Anthias anthias

From Wikipedia, the free encyclopedia
Jump to navigation Jump to search

Anthias anthias
Anthias anthias.jpg
Scientific classification edit
Kingdom: Animalia
Phylum: Chordata
Class: Actinopterygii
Order: Perciformes
Family: Serranidae
Genus: Anthias
A. anthias
Binomial name
Anthias anthias

Anthias anthias (commonly known as the swallowtail seaperch[1]) is a species of fish in the family Serranidae which can reach a length of about 27 cm.[2] Its binomial name is a tautonym. They were named by Carl Linnaeus in 1758. It is a small marine fish commonly referred to as the swallowtail sea perch. The fish is commonly a bycatch (unwanted) in commercial fishing for other larger fishes.

Taxonomy and phylogeny[edit]


Actinopterygii are fish known as ray-finned fishes. They are characterised as fish with long bony rays that support their fins. There are over 27,000 species of actinopterygii.


Serranidae are characterised by a single long dorsal fin, a large mouth with a protruding lower lip, and small scales. They are yellow, pink, red, and orange. They are 11 cm-27 cm in length. There are 11 species in this family. There were more until they were moved into other families.


Anthiadinae are characterised by large shoaling groups, with intimate subgroups called harems. They have one dominant male and 2-12 females. They may also have 1-2 submissive males.


Anthias are found in the deeper parts of the reef. They usually feed on zooplankton.


Anthias anthias is typically bright pink and salmon colored. The tail fin of the species includes a gradient of yellow, as do the spines at the top of the fish. Adult swallowtail sea perch grow up to be anywhere between 10–20 cm (4 to 8 inches). From two specimens collected in 2016 obtained by a bottom trawler operating off the coast of Damietta in Egypt, more specific biometric characteristics were recorded. The average length of the collected specimens was 12.8 centimeters, falling in range with expected measurements. Eyes of the fish are rather small, as they averaged to be around ten millimeters in diameter. Morphometric characteristics of the species include having ten spines in which the third appears longer than the rest. These spines consisted of a total of fifteen rays. The pectoral region consists of one pectoral fin and approximately 17 rays. The tail region of the specimen subsists of one anal fin and three spines alongside seven rays. Lastly, the species collected were seen to have one ventral fin with one spine and five rays. The rays around the anal fin are noticeably smaller than those near the pelvis. Other feature of the Anthias anthias include the dorsal fin being on the same vertical line running along the specimen as the pectoral fin. The tail fin of the fish is a quarter of the body depth as a whole.[3]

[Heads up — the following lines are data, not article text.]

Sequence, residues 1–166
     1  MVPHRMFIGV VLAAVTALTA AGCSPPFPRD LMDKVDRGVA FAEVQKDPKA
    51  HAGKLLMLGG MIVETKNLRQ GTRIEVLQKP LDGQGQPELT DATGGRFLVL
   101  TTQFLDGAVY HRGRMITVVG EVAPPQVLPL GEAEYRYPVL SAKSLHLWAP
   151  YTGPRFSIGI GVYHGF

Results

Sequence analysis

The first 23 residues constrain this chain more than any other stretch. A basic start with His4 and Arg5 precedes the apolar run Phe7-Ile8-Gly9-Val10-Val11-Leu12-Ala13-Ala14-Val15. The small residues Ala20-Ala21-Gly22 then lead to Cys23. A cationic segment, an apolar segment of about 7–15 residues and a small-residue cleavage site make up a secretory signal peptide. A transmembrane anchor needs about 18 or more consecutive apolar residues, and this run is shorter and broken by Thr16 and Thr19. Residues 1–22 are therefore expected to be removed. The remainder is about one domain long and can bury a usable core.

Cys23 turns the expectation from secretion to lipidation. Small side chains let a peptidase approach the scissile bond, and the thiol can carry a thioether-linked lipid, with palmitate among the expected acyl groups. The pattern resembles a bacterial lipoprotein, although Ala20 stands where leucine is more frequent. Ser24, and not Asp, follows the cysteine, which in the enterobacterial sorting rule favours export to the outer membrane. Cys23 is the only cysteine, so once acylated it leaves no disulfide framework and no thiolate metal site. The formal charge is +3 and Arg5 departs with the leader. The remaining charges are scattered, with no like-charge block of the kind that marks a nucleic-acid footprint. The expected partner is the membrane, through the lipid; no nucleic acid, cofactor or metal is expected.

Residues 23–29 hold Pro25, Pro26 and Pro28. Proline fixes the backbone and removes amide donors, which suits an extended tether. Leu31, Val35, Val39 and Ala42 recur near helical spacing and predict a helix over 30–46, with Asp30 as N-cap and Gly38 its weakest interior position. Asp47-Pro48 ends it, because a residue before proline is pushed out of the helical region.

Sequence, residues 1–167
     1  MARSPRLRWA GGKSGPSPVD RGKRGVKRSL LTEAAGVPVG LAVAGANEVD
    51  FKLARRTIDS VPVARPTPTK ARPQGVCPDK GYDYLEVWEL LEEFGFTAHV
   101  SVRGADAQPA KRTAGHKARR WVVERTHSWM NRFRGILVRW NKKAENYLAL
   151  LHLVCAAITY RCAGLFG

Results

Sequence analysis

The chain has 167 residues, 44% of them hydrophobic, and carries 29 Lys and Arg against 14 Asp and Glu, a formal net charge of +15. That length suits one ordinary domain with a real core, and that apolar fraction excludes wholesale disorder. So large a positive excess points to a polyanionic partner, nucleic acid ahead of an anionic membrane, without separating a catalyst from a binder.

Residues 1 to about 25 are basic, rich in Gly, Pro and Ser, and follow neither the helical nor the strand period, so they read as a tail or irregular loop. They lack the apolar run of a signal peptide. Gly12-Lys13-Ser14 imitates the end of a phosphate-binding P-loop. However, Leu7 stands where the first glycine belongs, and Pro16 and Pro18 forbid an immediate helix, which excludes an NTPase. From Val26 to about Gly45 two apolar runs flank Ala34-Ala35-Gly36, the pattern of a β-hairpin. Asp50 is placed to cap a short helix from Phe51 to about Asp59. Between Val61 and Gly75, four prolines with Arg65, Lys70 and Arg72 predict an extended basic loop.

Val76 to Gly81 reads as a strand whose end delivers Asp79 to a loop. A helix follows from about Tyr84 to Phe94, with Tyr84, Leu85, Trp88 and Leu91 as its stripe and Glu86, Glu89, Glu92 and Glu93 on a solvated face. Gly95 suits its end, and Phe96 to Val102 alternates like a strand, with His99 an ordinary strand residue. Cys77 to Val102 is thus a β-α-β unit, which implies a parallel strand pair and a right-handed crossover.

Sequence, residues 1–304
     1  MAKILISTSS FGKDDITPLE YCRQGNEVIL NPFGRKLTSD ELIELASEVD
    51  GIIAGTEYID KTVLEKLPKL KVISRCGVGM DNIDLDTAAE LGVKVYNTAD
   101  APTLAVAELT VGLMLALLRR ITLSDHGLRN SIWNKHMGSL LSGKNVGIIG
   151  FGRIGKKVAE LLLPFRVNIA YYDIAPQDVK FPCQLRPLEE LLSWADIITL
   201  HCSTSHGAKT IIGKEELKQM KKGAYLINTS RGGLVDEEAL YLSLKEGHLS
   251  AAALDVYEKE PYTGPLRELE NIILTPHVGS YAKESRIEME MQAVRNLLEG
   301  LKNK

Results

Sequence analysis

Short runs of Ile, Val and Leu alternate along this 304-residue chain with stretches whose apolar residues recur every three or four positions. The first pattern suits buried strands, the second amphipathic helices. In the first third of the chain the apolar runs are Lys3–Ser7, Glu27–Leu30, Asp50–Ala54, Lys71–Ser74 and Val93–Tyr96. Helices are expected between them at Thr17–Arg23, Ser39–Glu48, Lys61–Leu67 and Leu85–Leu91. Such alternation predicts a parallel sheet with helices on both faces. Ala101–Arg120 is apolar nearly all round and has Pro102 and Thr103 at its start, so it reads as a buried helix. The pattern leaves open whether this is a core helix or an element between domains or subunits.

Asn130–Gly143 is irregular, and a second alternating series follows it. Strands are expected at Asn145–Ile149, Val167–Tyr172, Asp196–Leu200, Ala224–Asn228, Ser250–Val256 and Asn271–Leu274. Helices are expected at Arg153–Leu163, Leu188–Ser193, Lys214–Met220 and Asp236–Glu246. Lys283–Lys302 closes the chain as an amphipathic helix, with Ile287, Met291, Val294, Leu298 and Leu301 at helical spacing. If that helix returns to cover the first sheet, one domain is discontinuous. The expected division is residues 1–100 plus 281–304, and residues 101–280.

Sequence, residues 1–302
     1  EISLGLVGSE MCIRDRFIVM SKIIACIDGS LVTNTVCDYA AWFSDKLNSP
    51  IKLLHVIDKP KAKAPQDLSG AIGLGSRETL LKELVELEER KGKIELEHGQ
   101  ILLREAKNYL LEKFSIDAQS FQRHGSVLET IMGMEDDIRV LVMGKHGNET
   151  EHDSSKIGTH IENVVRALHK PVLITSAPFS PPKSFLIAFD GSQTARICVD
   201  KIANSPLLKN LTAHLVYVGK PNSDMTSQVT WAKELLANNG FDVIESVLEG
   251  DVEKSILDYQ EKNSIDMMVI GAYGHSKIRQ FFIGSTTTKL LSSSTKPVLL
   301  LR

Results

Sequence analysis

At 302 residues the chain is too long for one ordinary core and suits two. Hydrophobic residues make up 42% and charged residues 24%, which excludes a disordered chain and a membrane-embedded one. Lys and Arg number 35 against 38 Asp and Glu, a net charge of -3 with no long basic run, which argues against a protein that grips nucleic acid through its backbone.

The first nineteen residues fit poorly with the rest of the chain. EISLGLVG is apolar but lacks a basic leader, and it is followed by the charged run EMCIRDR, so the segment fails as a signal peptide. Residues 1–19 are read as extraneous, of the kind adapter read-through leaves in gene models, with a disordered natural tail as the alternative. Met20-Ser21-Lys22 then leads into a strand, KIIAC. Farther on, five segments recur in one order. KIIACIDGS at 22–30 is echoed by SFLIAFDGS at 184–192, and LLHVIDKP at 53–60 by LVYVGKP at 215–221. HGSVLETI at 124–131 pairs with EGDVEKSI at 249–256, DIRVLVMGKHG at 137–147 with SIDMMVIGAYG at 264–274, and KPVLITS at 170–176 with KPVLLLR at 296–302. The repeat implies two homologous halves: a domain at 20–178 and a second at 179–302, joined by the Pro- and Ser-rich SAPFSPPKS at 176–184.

A. anthias typically feed on other small marine animals. One of the more common preys are crustaceans, including small shrimp, krill, isopods, and barnacles. The species is known to be a protogynous hermaphrodite, meaning that its reproductive organs are associated with both males and female sexes. In the case of protogynous hermaphrodites, specimens develop into males first, and later on in life, start to develop female characteristics and phenotypes.[4]

Distribution and habitat[edit]

A. anthias prefers warm water climates as it can be found in or around warm bodies of water such as the Mediterranean Sea and Black sea. Many of the sea perch are also exhibited to be living in the East Atlantic, off the coast of Africa. More specifically, they can be found from the coast of Portugal, all the way to northern Namibia. Anthias anthias can be found swimming at a wide range of depth. The shallowest is 15 meters deep, but the deepest of the population can be found swimming at depths near 300 meters deep. They tend to live over rock and gravel areas and occasionally they can be found in submarine caves.[5]


Anthias anthias are common in fish tanks. They can be found at many fish stores.

Other species[edit]

Anthias salmopunctatus, a sister species, is endemic to Brazil.


  1. ^ Wood, Lawson (2015-09-03). Sea Fishes Of The Mediterranean Including Marine Invertebrates. Bloomsbury Publishing. pp. 342–. ISBN 9781472921765. Retrieved 29 December 2017.
  2. ^ Bianchi, G.; Nations, Food and Agriculture Organization of the United (1999). Field Guide to the Living Marine Resources of Namibia. Food & Agriculture Org. pp. 240–. ISBN 9789251043455. Retrieved 29 December 2017.
  3. ^ Lipej, L.; Acevedo, Iván; Akel, El; Anastasopoulou, Aikaterini (Katerina; Angelidis, Akis; Azzurro, Ernesto; Castriota, Luca; çelik, Murat; Lucrezia, Cilenti (2017-03-31). New Mediterranean Biodiversity Records (March 2017). 13.
  4. ^ "Anthias anthias (Barbier, Sea Perch, Swallowtail Seaperch, Swallowtail Sea Perch)". Retrieved 2018-02-27.
  5. ^ "Anthias anthias (Barbier, Sea Perch, Swallowtail Seaperch, Swallowtail Sea Perch)". Retrieved 2018-02-27.

Further reading[edit]

  1. Fish identification
  2. World Registrar of Marine Species
  3. ICUN Red List profile